Xbox One X vs. PS4 Pro – The two 4K consoles in hardware comparison

Xbox One X vs. PS4 Pro – The two 4K consoles in hardware comparison

How fast is Microsoft’s new Xbox One X really? We provide all the performance information and compare the upcoming power console with Sony’s PS4 Pro.

The unveiling of the new Xbox One X (then called Project Scorpio ) at E3 2016 focused on two concepts: six teraflops and 4K. The liquid play in just this resolution should be possible with the new console by the computing power of six Teraflops.

At E3 2017 in June, Microsoft also revealed the name and price of the new console. The system will be called Xbox One X and will be released on November 7th for 499 Euros . As early as April of this year, Microsoft had given the online magazine Digital Foundry or the opportunity to take a closer look at the upcoming Xbox – including the official unveiling of many technical details.

We’ll clarify what these details are likely to mean for the performance of the Xbox One X and how it compares to other gaming platforms like the PlayStation 4 Proor current gaming PCs.

What do teraflops mean?

Before we take a closer look at the technical data of the Xbox One X or a short digression to estimate the much-discussed teraflop value in terms of graphics cards and the FP32 calculations that are primarily relevant for games. Anyone who wants to directly read the specific values of the Scorpio and an assessment, jumps to the next paragraph “Xbox One X vs. PlayStation 4 Pro”.

The number of theoretically possible floating-point calculations per second (“Floating-Point Operations per Second” or “FLOPS”) depends on the amount of existing shader units and the clock rate of the GPU (“Graphics Processing Unit”). This number roughly indicates how much 3D performance the hardware has, but many other factors such as the amount of memory available and the memory connection play a role here.

The PlayStation 4 Pro achieves 4.2 instead of 1.84 teraflops, as opposed to the PlayStation 4, with more shader units and an increased GPU clock rate, and Project Scorpio is even higher at 6.0 teraflops.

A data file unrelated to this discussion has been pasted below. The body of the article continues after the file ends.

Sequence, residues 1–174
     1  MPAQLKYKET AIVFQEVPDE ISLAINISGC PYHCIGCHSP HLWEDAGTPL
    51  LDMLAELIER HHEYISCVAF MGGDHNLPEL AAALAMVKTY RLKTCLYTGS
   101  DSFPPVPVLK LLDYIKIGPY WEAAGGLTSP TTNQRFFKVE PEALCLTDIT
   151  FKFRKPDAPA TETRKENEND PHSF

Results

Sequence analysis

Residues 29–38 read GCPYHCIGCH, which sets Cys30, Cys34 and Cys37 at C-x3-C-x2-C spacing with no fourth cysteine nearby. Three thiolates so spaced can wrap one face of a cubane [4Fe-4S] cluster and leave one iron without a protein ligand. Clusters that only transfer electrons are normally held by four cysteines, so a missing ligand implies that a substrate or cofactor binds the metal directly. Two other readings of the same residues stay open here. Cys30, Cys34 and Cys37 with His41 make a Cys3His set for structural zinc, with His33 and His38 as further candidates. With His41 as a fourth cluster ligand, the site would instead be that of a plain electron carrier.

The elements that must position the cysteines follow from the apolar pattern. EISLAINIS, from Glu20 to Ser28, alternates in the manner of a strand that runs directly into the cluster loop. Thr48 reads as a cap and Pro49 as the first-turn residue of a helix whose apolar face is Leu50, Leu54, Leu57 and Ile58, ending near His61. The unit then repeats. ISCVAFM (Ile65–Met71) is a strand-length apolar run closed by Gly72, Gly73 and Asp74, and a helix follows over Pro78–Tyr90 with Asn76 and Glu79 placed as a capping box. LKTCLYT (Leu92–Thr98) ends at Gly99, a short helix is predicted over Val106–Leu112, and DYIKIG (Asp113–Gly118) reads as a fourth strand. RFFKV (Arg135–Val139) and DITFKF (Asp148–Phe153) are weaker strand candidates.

Actually comparable to each other are only teraflop data related to the same (or a possible similar) architecture of the GPU behind it. For example, the Nvidia GeForce GTX 1070 comes with a boost to about 6.5 teraflops, while AMD’s Radeon R9 Fury X reaches a much higher 8.6 teraflops – but the GTX 1070 is still in PC games Usually noticeably faster.

It also plays an important role in how well the existing performance of the respective platform can be exploited. Consoles are usually at a clear advantage over the PC as the game developers know exactly what hardware they are dealing with, while computers can be made up of many different components.

In addition, modern techniques such as sparse or checkerboard rendering, which so far mainly console games use. In simple terms, only certain parts of the image are actually calculated in the very power-hungry 4K resolution. Well implemented, this results in noticeably higher fps compared to a full 4K calculation with only a small loss in image quality.

In summary, this means the following:

  • More teraflops usually also mean more 3D power, but the more different the chip architecture is, the less meaningful direct comparisons are
  • Consoles can always get more than gaming PCs from the existing Teraflops (or the existing 3D performance) due to the always identical hardware
  • Since all current Microsoft (Xbox One, Xbox One S, Xbox One X) and Sony (PlayStation 4, PlayStation 4 Slim, PlayStation 4 Pro) consoles use similar AMD hardware, their teraflop data compares relatively well

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News Reporter

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